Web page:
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In order for Kenny to access his insurance proceeds, he first had to request an inspection, to determine how much work had already been done. When her inspector finally showed up in early December, she first said she couldn’t climb her steps, asking Kenny to take pictures instead. After she filed her report, it took two weeks for her lender to agree to release the funds. It took another week for the check to arrive in the mail.

“I feel like I am poop that got flushed down the toilet and doesn’t come down,” said Kenny, 63. “I’m just going round and round and round and round.”

Galen Hair, with Metairie-based Hair Shunnarah Trial Attorneys, said the process is so complicated that her firm has two full-time staff dedicated to haggling with mortgage companies.

“There is no uniform set of rules for mortgage companies to follow,” he said, adding that lenders often change their procedures halfway without notice.

For those who aren’t backed by a law firm, the process can be downright maddening. Kenny spends his Fridays off calling, trying to get them to release his funds.

Worse yet, the website doesn’t even tell him how much of his money they have. A request for comment through the website was not answered.

The state’s Bureau of Financial Institutions, responsible for regulating lenders, can initiate an investigation if a consumer files a written complaint, Chief Examiner Michelle Jeansonne said. As a general rule of thumb, if the insurance proceeds are less than $ 40,000 and a consumer is up to date with their loan repayment, they shouldn’t have too much difficulty accessing their funds. she declared.

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Consumers should have the right to a clear and consistent policy regarding how claim funds are allocated and released for redress, Quinn said. Lenders should also distribute the funds in advance, rather than by repayment, he said.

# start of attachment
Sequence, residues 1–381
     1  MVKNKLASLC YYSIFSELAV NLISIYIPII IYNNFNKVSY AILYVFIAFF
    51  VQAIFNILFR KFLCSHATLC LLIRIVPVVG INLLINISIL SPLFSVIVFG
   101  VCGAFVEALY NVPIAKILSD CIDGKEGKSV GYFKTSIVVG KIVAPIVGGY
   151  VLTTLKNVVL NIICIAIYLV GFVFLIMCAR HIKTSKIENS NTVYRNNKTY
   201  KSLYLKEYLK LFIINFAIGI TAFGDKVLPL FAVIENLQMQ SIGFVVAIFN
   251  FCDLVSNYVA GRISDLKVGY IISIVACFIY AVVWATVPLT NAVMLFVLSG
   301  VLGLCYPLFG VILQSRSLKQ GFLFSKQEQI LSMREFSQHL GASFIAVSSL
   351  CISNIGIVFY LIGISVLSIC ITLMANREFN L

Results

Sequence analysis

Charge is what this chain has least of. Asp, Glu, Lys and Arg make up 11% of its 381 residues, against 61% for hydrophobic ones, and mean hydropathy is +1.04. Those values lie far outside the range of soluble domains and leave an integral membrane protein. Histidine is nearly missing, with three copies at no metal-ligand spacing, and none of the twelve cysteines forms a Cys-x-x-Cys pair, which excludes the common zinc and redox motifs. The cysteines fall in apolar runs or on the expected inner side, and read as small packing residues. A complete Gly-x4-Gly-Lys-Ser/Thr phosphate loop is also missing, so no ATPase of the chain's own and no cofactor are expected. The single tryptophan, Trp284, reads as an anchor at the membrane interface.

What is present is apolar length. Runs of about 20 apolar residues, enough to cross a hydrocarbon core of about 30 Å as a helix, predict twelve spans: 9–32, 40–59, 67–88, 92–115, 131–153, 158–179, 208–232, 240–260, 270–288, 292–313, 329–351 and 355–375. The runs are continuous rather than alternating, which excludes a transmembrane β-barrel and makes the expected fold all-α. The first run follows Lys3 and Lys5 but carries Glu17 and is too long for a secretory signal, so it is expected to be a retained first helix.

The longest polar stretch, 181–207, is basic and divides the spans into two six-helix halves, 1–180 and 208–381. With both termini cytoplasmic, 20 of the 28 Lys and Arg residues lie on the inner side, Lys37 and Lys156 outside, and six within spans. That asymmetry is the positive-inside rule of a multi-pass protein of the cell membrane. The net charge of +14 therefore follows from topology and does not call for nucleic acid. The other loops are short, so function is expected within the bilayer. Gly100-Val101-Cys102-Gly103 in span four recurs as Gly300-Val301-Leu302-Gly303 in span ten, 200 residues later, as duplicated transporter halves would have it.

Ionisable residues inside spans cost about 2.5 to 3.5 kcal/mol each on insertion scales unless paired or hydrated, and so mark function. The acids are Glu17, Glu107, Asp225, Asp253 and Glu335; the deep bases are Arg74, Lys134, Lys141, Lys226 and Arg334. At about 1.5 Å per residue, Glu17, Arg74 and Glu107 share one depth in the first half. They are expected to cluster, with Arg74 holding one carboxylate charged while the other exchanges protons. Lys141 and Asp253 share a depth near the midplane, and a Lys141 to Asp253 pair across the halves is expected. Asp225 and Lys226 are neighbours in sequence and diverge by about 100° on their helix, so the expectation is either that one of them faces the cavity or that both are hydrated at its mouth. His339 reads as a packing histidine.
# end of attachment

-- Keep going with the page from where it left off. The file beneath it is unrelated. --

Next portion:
Additionally, consumers should earn interest on money held by mortgage companies, Quinn added. He said that for six years, a bank held $ 244,000 in insurance products for a victim of Hurricane Sandy and did not pay him a dime in interest. “They act like it’s their money,” Quinn said. “It’s corporate arrogance.”

Kenny is one of the luckiest survivors of Hurricane Ida. A contractor agreed to repair his roof several weeks after the storm, even though his insurer had not yet paid for it. But since then, his recovery has stalled. The contractor he found to install new plasterboard and new flooring is now booked until March. If he had had the proceeds of his insurance the first time he distributed, he is convinced the job would have already been done.

“We’re now four months into it and I’m no closer to getting there than three weeks after the storm,” Kenny said. “No one said this would be the process. I’m on my nerves.

Are you having problems with your insurer or lender as a result of Hurricanes Ida or Laura? Send your story to [email protected] and a reporter can contact you.